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Humor Shared Among Caregivers is Therapeutic

As I visited with a friend and her mother who had mid-stage Alzheimer's, her mother abruptly stood, held out her hand, and said to me, "You can go now." Since I'd been forewarned that this may happen and I'd been around people with dementia for years, I wasn't offended. My friend and I both managed not to laugh. I simply agreed with her mom and said that, indeed, it was time for me to be off, as there was much to do. I thanked her for the lovely visit and left.

My friend and I have since shared a number of chuckles over this incident. Are we wrong to find our amusement where we can get it? I don't think so. We aren't laughing at her mom who was – and is – a lovely person. We're laughing at a situation that, if we examine it too closely, would simply bring more tears. Alzheimer's disease not only affects one's memory. It affects judgment as well as social filters. People with Alzheimer's are often extremely blunt, saying what they are feeling at the moment.

We laugh so we won't cry

We caregivers must cope with difficult decisions. We're continually coping with the knowledge that our loved one has a devastating, and in the case of dementia, irreversible disease. The stress from providing care day in and day out can be enormous.

Though we may be emotionally shredded by the changes in our loved ones' physical and often mental health, we soldier on daily trying to help them maintain some quality in their lives. This can drain us of energy and devour our time to where we have little left to give to our friends, so those who don't understand the challenges caregivers face often drift away.

Other caregivers understand our stress and our attempts at humor. While a non-caregiver may think my friend and I were laughing at her mom, a caregiver instinctively knows why we are laughing and the love and pain behind our laughter.

During the years that several of my loved ones lived in a nearby nursing home, often I'd find myself walking out the door with others who had family members living in the facility. We'd frequently ask one another how we were doing and how our loved ones were feeling.

Occasionally, our brief chats were accompanied by sorrow and perhaps a good cry, but nearly always there was laughter, as well. The laughter was wry and tinged with pain, yet cathartic. It was aimed at an ugly disease or illness that was slowly destroying a loved one. The only alternate relief for us would seemingly be tears, and most of us had shed buckets of tears already. Empathetic laughter was what we had left.

Some people may find it strange that we didn't want sympathy. What we wanted and needed was empathy – that shared fellowship from people who know what we are feeling without our having to explain it. Empathy was often expressed by a hug or a smile, but just as often it was expressed by a story that was humorous only to those of us who'd been humbled by the unique demands of caregiving.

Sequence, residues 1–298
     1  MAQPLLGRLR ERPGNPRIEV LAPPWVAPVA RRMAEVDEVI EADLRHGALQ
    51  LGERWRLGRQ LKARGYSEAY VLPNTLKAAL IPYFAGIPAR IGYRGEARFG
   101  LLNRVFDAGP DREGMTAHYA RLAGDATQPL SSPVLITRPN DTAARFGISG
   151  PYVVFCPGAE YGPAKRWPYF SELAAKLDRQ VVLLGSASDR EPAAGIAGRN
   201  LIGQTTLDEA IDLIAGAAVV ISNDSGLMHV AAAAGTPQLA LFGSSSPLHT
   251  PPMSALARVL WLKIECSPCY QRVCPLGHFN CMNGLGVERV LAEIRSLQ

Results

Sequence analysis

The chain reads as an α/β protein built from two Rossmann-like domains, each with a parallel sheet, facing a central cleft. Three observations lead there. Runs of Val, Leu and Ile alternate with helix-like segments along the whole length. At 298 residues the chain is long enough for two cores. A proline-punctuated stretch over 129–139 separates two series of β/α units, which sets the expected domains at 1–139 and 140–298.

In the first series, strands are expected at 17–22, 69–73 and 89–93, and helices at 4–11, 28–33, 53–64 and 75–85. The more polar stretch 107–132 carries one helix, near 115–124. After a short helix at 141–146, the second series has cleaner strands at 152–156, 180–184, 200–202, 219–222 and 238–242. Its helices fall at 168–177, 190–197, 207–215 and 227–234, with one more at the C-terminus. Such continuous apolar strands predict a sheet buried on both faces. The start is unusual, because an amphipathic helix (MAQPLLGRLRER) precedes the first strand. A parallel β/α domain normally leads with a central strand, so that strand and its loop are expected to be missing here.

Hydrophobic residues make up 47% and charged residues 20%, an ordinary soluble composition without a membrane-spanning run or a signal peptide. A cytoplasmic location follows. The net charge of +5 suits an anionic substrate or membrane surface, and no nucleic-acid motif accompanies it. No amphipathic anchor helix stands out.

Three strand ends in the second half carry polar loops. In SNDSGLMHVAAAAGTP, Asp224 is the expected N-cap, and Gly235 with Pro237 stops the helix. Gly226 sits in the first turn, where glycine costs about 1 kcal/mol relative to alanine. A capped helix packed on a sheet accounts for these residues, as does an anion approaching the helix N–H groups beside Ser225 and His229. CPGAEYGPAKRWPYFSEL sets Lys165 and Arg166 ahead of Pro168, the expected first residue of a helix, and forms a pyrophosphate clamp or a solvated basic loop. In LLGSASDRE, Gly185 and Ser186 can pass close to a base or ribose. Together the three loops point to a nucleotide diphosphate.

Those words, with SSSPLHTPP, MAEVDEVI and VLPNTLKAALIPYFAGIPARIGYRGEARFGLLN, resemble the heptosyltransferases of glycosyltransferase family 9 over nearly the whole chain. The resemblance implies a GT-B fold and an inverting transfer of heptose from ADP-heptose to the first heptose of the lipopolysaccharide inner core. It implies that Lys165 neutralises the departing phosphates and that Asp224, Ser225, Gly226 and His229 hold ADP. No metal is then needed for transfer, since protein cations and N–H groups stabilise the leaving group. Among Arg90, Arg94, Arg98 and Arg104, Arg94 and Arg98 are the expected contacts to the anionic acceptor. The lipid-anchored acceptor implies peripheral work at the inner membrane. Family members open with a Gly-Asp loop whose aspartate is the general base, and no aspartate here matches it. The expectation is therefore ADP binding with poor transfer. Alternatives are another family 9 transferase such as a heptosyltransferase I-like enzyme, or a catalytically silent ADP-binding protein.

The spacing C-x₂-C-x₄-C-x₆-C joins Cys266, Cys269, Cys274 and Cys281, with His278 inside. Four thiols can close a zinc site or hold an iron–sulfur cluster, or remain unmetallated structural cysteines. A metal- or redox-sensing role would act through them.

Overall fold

Humor with our care receiver can be good for us all

Sharing humor with our aging loved ones who are mentally sharp but physically challenged can be cathartic for both parties. There are also stages in dementia care when humor can still be a way of bonding with our loved one. The caveat here is that we must know the person we are kidding with well enough to understand what will encourage a smile or laugh without causing hurt feelings.

One amazing CNA who was my dad's primary caregiver had a fantastic sense of humor. Her laughing voice could be heard coming from resident's rooms half way down the hall. And believe me, the residents were laughing, too. If my dad was in any condition to laugh, Sandy could get him going. She knew just the right time to kid him in ways that I, as his daughter, would never dare. Sandy has a gift with elders and she's now become a nurse in a dementia unit. She'll have my gratitude forever for the lift that her sense of humor gave my dad.

The first sentence in the well-known book "The Road Less Traveled," written by the late M. Scott Peck, is this: Life is difficult. Indeed it is. If not for our human ability to often find humor in even difficult situations, life could be very dreary for many of us.

Studies have shown that if we laugh even when we don't feel happy, our body signals our brain to be happier and more peaceful. Our vital signs improve, as well. Laughter doesn't always signal a light heart, but it can make the unbearable more bearable. Just make sure the laughter is kind laughter and that you are laughing with people, not at them. If you keep that in mind, you should find some humor in most days and be healthier for it.

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Over the span of two decades, author, columnist, consultant and speaker Carol Bradley Bursack cared for a neighbor and six elderly family members. Her experiences inspired her to pen, "Minding Our Elders: Caregivers Share Their Personal Stories," a portable support group book for caregivers.
 






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